The harbour - ElMina - three kilometers away, hosted what was apparently at one time a Phoenician town of which nothing now remains. ElMina is also known as the "City of Waves and Horizons".
A comprehensive repository of Tripolitan families and expatriates.
Tripoli has long been known for its sweets industry, olive oil-based soap production, and copper crafts.
- Index Tripolis
A project to provide bibliographic information about Tripoli, Lebanon.
A wander around inside Tripoli, Lebanon: A diary of humouristic series of walkabouts "kazdouras".
Useful links and telephone numbers in Tripoli, Lebanon.
Terrain, street, satellite, touristic, urban growth, sailing, and historical maps and aerial imagery of Tripoli, Lebanon.
Daily and weekly news from Tripoli, Lebanon.
- North Lebanon
A guide for towns and villages neighbouring Tripoli, Lebanon.
- Palm Islands
The Palm Islands Park is a unique and integrated natural marine basin in the eastern Mediterranean that was declared as a reserve in 1994.
- Panoramic Views
Interactive panoramic views of Tripoli, Lebanon.
The 'Tripoli e-Discussion Society' is an independently self-controlled body that aims at gathering Tripolitans residing all over the world to discuss issues pertaining to Tripoli, Lebanon.
- Today's Tripoli
Various present aspects of Tripoli, Lebanon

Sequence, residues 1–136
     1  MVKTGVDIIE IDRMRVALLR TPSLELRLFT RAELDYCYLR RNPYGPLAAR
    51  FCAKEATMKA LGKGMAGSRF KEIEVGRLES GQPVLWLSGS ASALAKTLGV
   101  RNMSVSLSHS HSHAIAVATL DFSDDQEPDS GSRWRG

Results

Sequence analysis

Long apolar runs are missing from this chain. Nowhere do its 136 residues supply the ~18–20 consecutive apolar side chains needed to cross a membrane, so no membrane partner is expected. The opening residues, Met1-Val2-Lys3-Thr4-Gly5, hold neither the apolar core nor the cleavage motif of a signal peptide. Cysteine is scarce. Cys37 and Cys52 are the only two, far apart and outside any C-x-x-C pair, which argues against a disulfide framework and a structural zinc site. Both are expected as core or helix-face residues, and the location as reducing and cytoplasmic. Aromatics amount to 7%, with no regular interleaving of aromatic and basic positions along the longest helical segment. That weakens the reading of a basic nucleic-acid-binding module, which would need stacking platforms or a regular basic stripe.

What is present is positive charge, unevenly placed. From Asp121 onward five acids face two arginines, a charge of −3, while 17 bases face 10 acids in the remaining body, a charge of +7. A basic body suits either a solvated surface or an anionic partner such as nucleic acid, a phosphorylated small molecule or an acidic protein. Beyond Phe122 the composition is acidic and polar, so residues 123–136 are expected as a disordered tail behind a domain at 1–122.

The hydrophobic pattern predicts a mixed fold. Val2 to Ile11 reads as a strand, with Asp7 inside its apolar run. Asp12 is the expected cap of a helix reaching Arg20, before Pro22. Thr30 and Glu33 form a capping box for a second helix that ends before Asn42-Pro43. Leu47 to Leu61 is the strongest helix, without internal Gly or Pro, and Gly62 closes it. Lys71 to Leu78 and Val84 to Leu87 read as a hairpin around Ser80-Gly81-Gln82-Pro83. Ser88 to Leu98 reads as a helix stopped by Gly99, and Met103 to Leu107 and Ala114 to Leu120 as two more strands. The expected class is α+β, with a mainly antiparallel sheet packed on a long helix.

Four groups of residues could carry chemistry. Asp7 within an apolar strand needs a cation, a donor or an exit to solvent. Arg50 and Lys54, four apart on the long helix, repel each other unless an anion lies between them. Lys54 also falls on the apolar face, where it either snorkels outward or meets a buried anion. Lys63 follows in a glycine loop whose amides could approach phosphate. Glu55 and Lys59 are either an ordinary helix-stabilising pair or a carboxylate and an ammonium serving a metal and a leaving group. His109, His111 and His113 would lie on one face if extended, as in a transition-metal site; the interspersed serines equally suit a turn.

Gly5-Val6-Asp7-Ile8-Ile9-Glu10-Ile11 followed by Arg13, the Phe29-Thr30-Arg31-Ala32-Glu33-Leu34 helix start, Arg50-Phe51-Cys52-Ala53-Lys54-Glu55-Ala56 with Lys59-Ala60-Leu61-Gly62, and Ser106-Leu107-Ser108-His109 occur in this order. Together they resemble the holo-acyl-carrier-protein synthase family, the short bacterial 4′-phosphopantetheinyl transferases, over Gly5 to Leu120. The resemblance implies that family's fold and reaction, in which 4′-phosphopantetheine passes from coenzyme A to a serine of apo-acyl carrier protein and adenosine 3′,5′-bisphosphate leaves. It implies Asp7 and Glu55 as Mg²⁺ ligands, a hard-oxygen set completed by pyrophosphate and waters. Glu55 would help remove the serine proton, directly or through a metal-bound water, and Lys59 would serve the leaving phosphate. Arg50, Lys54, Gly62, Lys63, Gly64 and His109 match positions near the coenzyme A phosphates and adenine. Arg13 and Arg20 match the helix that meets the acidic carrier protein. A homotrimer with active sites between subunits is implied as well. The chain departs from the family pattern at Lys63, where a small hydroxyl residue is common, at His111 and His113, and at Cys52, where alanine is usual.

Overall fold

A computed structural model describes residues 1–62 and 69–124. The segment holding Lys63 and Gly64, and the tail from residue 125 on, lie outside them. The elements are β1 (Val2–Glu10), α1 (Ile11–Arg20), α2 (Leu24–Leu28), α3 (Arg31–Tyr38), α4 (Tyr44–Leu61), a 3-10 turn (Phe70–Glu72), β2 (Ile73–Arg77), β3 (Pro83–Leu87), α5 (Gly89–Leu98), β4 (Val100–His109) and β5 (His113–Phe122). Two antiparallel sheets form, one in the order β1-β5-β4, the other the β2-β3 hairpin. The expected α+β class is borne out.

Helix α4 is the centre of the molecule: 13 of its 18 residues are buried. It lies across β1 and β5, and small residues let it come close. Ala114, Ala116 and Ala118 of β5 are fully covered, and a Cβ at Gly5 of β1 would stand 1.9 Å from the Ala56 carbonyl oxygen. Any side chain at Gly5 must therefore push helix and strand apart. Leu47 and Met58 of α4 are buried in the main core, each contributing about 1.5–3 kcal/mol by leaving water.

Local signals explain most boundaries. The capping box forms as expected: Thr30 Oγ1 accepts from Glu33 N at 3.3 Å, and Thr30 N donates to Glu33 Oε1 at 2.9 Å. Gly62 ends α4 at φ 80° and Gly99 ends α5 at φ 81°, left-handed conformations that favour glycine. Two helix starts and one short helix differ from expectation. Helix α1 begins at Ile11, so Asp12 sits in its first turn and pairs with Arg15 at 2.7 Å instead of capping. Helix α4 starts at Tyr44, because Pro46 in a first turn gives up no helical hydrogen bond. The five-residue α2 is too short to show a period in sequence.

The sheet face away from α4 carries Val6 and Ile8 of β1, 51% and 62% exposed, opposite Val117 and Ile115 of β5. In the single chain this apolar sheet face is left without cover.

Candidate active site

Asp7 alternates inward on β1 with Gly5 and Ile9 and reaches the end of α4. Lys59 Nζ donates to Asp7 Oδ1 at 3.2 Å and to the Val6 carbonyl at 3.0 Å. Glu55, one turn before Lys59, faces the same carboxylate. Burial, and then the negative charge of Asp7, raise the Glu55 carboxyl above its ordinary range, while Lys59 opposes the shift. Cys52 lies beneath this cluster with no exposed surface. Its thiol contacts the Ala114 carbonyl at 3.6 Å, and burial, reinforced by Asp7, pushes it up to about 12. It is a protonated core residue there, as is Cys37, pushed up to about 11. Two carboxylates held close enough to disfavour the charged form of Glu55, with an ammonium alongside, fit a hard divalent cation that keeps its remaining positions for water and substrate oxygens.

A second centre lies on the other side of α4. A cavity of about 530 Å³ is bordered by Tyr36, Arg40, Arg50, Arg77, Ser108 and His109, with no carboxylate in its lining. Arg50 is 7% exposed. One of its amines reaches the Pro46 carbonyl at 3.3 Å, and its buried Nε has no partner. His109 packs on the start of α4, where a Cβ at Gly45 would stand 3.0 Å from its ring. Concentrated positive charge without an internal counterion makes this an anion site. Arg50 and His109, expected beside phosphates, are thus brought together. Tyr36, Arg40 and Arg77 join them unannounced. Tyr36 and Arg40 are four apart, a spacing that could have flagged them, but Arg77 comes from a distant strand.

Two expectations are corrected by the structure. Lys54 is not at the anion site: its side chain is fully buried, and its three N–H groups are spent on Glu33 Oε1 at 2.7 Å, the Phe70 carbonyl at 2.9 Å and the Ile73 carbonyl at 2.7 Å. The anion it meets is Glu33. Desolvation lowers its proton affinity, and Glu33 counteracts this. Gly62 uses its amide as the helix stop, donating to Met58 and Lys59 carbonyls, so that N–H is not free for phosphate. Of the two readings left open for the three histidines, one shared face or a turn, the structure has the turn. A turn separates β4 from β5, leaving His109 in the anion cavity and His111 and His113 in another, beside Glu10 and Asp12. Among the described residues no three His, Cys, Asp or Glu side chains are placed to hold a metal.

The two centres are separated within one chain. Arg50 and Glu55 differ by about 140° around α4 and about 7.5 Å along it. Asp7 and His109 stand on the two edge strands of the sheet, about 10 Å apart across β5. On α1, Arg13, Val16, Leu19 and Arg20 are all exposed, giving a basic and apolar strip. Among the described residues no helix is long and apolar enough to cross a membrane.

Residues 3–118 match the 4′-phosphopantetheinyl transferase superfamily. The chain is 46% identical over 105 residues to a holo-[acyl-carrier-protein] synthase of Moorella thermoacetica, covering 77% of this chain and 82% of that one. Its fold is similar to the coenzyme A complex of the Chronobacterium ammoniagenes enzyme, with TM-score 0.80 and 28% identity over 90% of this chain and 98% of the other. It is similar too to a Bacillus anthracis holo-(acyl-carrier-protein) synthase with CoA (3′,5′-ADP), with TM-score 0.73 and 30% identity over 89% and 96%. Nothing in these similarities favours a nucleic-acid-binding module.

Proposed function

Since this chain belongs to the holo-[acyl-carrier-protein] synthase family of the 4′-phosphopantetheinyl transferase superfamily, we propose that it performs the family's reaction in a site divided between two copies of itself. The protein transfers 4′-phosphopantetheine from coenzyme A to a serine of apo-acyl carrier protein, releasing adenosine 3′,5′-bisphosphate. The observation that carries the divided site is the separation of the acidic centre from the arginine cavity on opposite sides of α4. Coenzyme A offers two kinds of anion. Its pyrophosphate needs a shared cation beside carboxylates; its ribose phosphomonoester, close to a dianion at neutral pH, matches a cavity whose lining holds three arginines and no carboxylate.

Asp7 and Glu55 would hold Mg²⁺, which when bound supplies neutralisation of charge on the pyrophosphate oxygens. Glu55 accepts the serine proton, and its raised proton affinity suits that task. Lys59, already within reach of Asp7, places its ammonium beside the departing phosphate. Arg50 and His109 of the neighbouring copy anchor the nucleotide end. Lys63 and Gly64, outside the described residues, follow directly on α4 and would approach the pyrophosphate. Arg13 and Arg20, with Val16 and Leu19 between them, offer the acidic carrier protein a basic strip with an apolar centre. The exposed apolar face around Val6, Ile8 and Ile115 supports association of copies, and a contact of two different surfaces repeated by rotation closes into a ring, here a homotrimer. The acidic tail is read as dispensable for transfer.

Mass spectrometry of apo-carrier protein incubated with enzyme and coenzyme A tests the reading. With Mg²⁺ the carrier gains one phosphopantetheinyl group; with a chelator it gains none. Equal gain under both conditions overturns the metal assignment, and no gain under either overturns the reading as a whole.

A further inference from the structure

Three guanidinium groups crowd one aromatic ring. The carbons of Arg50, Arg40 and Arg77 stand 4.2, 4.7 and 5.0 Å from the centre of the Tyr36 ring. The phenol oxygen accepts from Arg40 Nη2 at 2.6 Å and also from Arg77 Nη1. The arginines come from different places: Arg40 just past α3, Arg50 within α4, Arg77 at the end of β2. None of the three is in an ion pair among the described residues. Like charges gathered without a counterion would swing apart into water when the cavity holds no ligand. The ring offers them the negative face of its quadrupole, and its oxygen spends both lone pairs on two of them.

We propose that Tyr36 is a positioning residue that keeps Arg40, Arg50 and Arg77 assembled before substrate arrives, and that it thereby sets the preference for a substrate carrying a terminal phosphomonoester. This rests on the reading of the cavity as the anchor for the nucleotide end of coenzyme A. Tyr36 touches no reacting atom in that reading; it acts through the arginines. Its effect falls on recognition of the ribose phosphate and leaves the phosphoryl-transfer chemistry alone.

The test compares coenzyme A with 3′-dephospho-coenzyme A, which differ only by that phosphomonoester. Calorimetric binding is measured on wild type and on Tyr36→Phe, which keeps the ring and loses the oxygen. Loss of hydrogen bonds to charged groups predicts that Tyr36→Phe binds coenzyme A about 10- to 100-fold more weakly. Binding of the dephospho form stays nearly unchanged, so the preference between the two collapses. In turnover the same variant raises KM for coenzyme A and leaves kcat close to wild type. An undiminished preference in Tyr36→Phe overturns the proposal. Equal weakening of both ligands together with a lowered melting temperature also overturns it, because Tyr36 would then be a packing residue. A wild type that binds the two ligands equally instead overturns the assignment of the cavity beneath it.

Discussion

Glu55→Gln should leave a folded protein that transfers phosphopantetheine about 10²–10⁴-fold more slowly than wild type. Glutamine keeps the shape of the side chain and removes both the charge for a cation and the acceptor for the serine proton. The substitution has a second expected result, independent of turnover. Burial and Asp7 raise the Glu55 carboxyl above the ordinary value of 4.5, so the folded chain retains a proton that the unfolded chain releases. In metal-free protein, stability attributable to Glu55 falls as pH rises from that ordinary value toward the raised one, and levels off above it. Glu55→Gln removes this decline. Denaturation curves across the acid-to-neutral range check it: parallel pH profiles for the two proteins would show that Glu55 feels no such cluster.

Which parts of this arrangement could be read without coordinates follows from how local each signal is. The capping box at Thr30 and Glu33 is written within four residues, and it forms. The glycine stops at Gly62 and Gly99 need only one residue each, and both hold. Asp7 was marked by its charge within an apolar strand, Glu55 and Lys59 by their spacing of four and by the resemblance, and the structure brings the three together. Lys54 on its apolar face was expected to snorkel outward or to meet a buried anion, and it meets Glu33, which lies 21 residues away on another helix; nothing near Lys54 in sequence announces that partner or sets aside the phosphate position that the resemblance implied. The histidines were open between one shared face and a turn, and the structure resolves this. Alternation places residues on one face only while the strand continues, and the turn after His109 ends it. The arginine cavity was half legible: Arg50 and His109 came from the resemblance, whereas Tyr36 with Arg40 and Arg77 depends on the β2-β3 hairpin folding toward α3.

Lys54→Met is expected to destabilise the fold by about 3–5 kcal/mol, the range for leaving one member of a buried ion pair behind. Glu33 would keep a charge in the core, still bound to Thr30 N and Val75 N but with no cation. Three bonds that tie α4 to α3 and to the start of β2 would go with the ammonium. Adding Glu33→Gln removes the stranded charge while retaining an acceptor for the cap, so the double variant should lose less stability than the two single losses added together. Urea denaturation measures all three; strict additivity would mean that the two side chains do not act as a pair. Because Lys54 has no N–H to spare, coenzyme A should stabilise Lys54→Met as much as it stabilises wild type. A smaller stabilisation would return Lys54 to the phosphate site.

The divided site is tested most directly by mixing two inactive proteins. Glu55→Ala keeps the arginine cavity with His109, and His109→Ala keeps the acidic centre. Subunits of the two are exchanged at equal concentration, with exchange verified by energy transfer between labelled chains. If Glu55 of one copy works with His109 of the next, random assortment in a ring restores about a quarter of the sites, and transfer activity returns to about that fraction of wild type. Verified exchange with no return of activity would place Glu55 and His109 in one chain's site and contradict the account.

- Tripoli Radio
An Internet Radio that features original on-demand programs about various aspects of Tripoli, Lebanon.
- Tripoli TV
An Internet TV that brings you original on-demand films about various aspects of Tripoli, Lebanon.
A quick reference about Tripoli in the Prehistorical, Persian, Hellenistic, Roman, Byzantine, Arab, Crusade, Mameluke, and Ottoman periods.
The wealth of historical monuments make Tripoli the second largest preserved Mameluke city in the world.
- The Tripoli Quiz
An educational game to test your knowledge about Tripoli, Lebanon.
- Tourist Guide
A comprehensive tourist guide for sightseeing in Tripoli, Lebanon.
- Virtual Museum
A documented history of Tripoli from the 3rd to the 20th centuries with large collections of coins, garments, manuscripts, paintings, old photographs, and many other artifacts.
Bienvenue à Tripoli, Liban
أهلاً بكم في طرابلس لبنان
- Ramadhan / رمضان
The Holy Month of Ramadhan in Tripoli / شهر رمضان المبارك في طرابلس
Information presented in The Tripoli Internet Database/tripoli-city.org web site is protected by copyright law. Unauthorized public reproduction or distribution of material contained in The Tripoli Internet Database/tripoli-city.org web site, or any portion of it, may result in severe civil and criminal penalties, and will be prosecuted to the maximum extent possible under the law.
|Tripoli by Night
A majestic sky caressing Tripoli at sunset time.
The first landmark that we encountered in Tripoli as we arrived from south (Beirut), is the Nour (light) Square (also named AbdulHameed Karameh Square). Nour square changes its skin everyday. At daytime, the square witnesses the busiest traffic of Tripoli. As soon as the sun travels away, Nour square starts shining to silently welcome the night.
After passing the Nour Square, we continued north through the boulevard until the cross point of Azmi street. There we went east (right) to reach the Tell Square. On our way, we sensed the refreshing drizzles of the Municipality Fountain, surrounded from the north by the Municipal palace and from south by the Menshiyeh Park.
The first historical monument we visited is the Tell Clocktower, a late Ottoman construction. It overlooks the busy Tell (or Jamal AbdulNasser) Square.